Process of Data Collection

The data collection process consists of several steps. Firstly, the author will develop the first version of a questionnaire and conduct a pilot study to see whether the participants might have issues with understanding of questions and whether other questions and answers should be added. Secondly, the author will contact the participants to ensure that they are ready to take part in the study. Thirdly, the author will send questionnaires to the selected participants. Finally, the retrieved data will be analyzed and visualized. It is expected that the entire data collection process will take no longer than two months. Data on the experience of implementation of the EMR in hospitals will be derived from secondary sources. The preference will be given to the articles related to the experience of the US and European countries that were published during the last five years.

Data Analysis

The insights on the topic will be derived from the participants answers via descriptive analysis. This type of analysis enables scholars to understand which answers are the most and the least popular ones. The diagnostic analysis will be conducted to comprehend the major ways of introducing EMR in Saudi Arabian hospitals.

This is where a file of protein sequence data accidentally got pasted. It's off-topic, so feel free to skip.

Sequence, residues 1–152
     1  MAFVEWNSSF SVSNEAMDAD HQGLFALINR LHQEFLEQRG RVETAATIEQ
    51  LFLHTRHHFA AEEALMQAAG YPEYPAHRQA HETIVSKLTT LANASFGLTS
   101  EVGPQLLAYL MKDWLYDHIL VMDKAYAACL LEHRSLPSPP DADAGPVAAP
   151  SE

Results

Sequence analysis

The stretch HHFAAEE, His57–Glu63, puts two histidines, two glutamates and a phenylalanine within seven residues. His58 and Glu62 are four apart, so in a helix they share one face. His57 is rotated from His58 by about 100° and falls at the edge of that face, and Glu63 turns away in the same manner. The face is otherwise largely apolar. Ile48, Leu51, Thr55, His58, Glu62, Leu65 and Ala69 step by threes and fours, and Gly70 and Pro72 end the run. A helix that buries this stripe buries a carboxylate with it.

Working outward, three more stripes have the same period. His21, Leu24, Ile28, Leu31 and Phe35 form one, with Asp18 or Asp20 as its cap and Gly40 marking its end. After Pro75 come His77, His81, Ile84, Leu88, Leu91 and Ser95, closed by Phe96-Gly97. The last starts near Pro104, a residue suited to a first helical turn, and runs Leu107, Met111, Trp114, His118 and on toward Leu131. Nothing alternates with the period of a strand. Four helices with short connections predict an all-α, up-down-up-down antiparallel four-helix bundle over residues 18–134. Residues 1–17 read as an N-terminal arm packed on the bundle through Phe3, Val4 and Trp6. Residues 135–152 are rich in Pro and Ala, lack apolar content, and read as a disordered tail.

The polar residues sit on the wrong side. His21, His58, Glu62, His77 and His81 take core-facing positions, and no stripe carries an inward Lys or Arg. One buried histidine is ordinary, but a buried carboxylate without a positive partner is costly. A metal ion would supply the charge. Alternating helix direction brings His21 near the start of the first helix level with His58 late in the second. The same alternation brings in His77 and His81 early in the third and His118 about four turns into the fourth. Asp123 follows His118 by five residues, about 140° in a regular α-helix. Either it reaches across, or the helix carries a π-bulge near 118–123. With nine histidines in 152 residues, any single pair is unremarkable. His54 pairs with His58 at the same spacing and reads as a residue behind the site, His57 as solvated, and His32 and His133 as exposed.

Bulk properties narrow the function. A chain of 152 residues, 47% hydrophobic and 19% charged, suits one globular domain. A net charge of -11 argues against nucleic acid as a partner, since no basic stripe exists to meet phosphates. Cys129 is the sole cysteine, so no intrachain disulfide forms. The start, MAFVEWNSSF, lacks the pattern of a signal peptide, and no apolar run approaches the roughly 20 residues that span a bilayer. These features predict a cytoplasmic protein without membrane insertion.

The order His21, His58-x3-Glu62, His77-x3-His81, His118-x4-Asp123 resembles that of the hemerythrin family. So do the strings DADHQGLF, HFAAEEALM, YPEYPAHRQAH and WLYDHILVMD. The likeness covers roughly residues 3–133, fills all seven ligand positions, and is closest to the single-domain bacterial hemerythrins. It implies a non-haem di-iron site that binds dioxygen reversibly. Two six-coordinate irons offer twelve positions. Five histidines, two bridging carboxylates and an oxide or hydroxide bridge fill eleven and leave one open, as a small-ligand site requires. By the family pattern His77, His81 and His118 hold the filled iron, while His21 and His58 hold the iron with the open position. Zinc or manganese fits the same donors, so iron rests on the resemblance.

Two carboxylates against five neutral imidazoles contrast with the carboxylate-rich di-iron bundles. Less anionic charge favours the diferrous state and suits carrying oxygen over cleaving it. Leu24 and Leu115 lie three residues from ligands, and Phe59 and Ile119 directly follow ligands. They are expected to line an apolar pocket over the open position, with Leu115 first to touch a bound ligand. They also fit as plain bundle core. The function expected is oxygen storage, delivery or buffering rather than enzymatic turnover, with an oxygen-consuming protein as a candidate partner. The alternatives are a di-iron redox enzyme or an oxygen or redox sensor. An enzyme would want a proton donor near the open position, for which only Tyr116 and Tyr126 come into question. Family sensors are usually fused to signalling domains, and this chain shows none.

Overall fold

Prior to filling in the distributed questionnaire, the selected participants will be informed of the purpose of the study and will be asked to sign an informed consent. The personal information of the participants will not be disclosed, and the citations of their answers will be anonyms. The present research corresponds with the principle of honesty and respects the intellectual property rights of other scholars. The author is entirely responsible for the outcomes of this research and guarantees respect and the absence of participants discrimination. The author of the present study faces no conflict of interest.


The present research paper investigates the importance of transforming medical records into an electronic system in Saudi Arabia. The critical aim of this study is to explain the advantages of utilization of this software and propose several solutions on how to facilitate the introduction of EMR in local hospitals. To achieve these goals, the author will survey 70 employees who take a position of a nurse, doctor, or administrative staff member in one of 10 hospitals that use EMR for more than one year. In addition to that, the author will analyze the publications that unclose the experience of successful EMR implementation in Western nations. The present study is topical because the percentage of hospitals that use EMR software is low nowadays. The current research will assist in understanding why it is necessary to transform medical records into an electronic system and how this goal could be achieved.